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Clark’s work is littered with observations of this sort. What Clark endlessly strives to show– in a manner highly resonant with McLuhan and Latour –is the manner in which media are not merely tools upon which we project our own ends– ends that we had before we encountered these media –but rather how, in these assemblages, new ends and capacities emerge. My brain, as feeble as it is, is unable to solve complex multiplication problems– 3276 x 76,789 –on its own. Yet give me a piece of paper and a pencil and I am now able to solve this problem. The pencil, paper, and writing are not secondary to my cognition, they are not mere representations of brain processes, but rather the assemblage of brain+body+pencil+paper+writing is the field of thought itself.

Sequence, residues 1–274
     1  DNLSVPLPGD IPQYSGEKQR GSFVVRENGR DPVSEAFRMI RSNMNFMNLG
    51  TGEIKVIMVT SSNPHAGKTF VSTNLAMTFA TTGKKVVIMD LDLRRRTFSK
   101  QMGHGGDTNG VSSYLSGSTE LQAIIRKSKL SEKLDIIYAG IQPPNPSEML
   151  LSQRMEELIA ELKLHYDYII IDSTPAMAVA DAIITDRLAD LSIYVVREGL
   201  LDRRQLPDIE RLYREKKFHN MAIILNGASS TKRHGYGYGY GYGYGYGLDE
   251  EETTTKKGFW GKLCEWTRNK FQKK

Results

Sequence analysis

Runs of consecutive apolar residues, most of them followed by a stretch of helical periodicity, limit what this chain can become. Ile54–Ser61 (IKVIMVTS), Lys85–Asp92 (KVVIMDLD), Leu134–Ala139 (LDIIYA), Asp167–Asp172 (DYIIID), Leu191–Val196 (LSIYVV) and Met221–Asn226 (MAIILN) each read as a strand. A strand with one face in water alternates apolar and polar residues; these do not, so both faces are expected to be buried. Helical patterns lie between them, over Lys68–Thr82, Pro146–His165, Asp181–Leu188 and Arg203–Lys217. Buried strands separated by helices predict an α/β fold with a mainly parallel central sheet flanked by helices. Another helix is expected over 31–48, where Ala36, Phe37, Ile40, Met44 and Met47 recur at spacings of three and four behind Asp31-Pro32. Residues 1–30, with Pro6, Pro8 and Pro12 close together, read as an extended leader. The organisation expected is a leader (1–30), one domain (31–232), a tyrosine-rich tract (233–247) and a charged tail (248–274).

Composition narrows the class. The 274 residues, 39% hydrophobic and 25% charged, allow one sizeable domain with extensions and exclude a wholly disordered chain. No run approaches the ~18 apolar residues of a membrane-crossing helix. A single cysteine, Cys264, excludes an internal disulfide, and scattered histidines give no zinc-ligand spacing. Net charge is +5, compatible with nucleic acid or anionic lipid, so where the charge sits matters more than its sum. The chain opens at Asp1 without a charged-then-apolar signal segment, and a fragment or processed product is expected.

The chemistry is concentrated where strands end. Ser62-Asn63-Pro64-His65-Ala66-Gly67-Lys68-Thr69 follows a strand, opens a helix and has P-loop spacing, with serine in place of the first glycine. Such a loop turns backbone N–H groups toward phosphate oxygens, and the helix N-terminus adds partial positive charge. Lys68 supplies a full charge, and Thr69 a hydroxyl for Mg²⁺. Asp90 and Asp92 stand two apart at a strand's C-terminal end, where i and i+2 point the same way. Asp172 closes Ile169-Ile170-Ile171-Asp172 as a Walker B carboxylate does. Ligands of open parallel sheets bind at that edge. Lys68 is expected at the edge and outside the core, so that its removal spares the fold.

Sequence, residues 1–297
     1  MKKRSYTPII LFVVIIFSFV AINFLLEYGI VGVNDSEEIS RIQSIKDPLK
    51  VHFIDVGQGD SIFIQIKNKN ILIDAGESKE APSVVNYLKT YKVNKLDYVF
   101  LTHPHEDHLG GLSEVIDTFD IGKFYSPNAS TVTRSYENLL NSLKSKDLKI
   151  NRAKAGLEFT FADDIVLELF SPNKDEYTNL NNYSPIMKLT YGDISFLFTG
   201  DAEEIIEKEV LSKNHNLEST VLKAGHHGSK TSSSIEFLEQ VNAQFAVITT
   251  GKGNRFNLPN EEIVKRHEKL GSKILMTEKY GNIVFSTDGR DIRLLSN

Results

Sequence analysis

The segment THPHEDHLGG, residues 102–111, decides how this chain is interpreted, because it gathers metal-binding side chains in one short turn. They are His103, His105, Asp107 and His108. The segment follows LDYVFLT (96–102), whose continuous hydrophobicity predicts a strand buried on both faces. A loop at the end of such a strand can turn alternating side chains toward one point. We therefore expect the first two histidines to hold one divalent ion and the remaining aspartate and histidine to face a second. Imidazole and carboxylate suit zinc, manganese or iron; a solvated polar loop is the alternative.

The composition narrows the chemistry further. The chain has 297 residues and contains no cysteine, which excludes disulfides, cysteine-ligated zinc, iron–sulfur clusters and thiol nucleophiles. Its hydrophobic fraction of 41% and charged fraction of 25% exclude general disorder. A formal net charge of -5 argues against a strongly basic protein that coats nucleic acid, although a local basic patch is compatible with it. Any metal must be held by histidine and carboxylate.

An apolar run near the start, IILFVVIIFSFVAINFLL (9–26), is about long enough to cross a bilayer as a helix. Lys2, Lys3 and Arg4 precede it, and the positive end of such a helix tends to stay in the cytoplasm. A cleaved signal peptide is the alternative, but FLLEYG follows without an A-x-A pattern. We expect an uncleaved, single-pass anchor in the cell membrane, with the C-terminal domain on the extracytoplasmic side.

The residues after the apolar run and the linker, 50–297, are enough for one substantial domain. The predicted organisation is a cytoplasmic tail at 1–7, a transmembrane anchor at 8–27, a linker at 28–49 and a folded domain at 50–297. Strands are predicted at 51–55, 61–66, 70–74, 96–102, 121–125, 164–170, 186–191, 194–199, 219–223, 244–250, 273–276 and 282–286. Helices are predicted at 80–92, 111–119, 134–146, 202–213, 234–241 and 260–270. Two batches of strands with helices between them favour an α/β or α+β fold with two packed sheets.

Indeed, in the domain of something like philosophy and cultural theory, the pen and paper are indispensable. In writing something down the written itself becomes an object. Where the writing begins as a representation of the world, now the written becomes a thing in the world. As an object in its own right, critique becomes possible. That written document can now become an object to be reflected upon in its own right. We can now investigate the consistency of propositions throughout the writing. We can investigate the metaphors that populate it, discerning the functioning of a different logic at work in the thought, that wasn’t immediately apparent in the activity of thinking itself, in the manner of a Freud, Lacan, or Derrida. We can develop thoughts about these thoughts. Moreover, in the activity of writing, all sorts of new relations are forged insofar as certain elements of the writing call out for further development, further articulation, further inscription. We return to our drafts, now treating them as things rather than representations, and we further develop those drafts in much the same way that each step in the smith’s working of iron generates a new set of problems calling for responses of a particular sort. The writing, paper, and pen are not secondary to the thought, they aren’t mere traces of a thought that occurs elsewhere in the brain, but rather are central to the activity of thinking.